“That album took a while to make. My previous solo album was back in 2012. The songs on Reading The Bones are a culmination of the inspirations I have had over the last 4 or 5 years. A lot of the songs were written in different places, some as far away as Jordan in the Middle East, songs in Hawaii, all over the world. When it came time to compose and arrange everything and get the consistent vibe I wanted out of it, I went up into the forest and stayed in log cabin for a few weeks and polished it and got it the way I wanted it. So it was basically a lot of passion and a lot of travel that made those songs happen.”

Something that is always intriguing to me with artists who create instrumental music is to discover how they approach naming their tunes. It seems that Keith is quite methodical in regard to that task.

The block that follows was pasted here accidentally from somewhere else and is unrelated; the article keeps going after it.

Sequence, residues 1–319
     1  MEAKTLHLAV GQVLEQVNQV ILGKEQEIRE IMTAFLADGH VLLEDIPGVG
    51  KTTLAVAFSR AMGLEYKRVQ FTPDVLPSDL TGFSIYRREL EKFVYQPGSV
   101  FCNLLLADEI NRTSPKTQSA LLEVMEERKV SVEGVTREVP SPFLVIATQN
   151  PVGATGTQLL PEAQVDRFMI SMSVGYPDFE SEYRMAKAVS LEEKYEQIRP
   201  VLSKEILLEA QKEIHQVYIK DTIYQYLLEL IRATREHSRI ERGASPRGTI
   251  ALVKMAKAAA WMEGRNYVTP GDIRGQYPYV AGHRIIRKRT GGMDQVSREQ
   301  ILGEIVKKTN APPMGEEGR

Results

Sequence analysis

“Well the titles of the songs basically come about a couple of different ways,” he explains. “One way is that I think of some sort of scene or theme, I paint a picture in my head and then the song is like the score to that image or that theme. The music reflects the vibe that you are trying to portray in that scene. To a lot of people it won’t really have a whole lot of relevance but to me it is one of those things where I get creative in my own mind, paint a picture and then score music to that. A lot of the inspiration comes from different pieces of artwork or reading different books. There was a book I was reading during the creation of Reading The Bones, HP Lovecraft’s The Whisperer in Darkness and I got a lot of inspiration from that book in terms of imagery and titles and things like that. It is part of the creative process that isn’t super relevant to a lot of people but its hugely important to me in order to make those songs what they are.”